SAVANNAH, Ga. (AP) — A coastal Georgia hospital system is still struggling to recover from a ransomware attack that shut down its computer systems last week.
Local news outlets report that the St. Joseph's/Candler health system, which operates two hospitals in Savannah and has 4,200 employees, was still using backup procedures including paper records Monday. Some patients have said they were turned away from their scheduled appointments while others saw physicians as normal after the attack Thursday.
"While we continue to investigate the incident, we're working to get systems up and running as quickly and as safely as possible," spokesman Scott Larson said in a Monday statement. "Our priority is patient care, and our staff are committed to doing everything they can to mitigate disruption and provide uninterrupted care to our patients."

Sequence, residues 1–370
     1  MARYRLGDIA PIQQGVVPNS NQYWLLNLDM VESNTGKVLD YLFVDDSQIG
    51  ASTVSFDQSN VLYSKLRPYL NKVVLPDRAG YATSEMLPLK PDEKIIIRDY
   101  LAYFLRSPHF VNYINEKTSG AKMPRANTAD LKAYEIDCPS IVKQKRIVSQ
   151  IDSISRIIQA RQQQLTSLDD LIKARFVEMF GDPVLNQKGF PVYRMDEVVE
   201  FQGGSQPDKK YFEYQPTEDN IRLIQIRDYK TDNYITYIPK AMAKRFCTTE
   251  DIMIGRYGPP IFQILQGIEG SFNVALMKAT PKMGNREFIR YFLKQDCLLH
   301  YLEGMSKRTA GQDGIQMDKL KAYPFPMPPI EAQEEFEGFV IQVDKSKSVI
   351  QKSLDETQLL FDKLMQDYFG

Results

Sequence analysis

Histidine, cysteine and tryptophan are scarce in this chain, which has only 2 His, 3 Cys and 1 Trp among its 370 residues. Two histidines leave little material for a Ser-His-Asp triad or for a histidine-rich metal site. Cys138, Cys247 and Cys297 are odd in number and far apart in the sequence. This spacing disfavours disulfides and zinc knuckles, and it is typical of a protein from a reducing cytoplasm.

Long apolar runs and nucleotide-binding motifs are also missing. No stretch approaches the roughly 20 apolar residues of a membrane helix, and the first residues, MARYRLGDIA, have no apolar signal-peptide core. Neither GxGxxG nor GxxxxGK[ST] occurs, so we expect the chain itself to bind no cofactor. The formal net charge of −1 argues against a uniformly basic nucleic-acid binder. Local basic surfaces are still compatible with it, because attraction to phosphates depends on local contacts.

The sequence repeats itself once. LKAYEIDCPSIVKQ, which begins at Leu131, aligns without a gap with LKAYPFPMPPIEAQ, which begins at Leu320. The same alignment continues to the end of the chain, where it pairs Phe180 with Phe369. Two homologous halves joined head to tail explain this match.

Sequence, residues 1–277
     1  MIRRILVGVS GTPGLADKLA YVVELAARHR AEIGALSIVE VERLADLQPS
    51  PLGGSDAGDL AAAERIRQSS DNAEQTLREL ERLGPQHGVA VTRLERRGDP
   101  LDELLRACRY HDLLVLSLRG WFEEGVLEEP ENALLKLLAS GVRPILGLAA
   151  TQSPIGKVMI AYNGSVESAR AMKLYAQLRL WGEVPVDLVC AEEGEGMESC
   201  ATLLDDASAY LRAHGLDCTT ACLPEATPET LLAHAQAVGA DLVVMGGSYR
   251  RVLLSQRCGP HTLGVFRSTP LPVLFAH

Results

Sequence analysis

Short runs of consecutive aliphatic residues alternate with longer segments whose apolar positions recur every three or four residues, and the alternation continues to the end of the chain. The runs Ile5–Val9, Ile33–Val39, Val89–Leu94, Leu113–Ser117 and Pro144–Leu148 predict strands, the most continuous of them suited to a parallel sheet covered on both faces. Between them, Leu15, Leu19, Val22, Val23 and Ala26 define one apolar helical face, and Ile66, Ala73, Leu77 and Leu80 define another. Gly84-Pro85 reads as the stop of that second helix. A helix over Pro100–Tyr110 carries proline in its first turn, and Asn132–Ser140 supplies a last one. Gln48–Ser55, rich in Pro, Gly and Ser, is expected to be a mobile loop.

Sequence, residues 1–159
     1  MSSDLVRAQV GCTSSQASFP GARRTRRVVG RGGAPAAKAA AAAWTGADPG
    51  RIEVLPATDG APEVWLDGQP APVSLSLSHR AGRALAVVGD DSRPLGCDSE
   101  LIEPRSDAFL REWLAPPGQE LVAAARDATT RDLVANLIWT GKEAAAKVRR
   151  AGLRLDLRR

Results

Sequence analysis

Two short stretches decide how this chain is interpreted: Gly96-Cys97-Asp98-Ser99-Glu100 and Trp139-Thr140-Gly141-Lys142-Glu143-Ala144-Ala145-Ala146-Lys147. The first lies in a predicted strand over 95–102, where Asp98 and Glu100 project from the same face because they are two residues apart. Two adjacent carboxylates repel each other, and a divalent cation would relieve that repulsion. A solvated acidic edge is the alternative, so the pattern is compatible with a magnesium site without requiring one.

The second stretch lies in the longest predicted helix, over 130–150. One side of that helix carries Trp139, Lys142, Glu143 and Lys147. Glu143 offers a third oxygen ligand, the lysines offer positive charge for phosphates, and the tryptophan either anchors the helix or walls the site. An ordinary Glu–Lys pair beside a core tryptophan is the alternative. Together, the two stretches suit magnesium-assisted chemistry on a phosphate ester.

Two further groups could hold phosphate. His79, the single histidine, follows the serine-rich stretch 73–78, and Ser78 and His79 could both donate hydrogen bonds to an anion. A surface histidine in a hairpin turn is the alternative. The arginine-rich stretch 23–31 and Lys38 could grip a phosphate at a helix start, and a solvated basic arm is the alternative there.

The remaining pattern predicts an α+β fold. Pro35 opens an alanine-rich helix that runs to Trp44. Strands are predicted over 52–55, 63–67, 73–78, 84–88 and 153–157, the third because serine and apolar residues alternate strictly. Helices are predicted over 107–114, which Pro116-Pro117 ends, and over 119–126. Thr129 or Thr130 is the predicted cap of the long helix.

Larson hasn't said if a ransom was demanded or paid, or specified an amount. Hospital officials said they isolated the systems to try to limit damage and notified law enforcement.
Patients are being advised to keep their appointments, and Larson said the hospital system will contact any that need to be rescheduled.
Frank Katz, who directs the Center for Applied Cyber Education at Georgia Southern University's Armstrong Campus in Savannah, said hospitals can be targets for extortion as well as sources of personal identifying information that can aid in further fraud.
"They are more likely to pay than another type of business because it's a life and death situation," Katz told WSAV-TV. "It really has become a situation of money, pure and simple. These are thieves that know they can extort the money and often get it."
St. Joseph's/Candler said in a statement that if personal or health information is breached, it will notify people affected.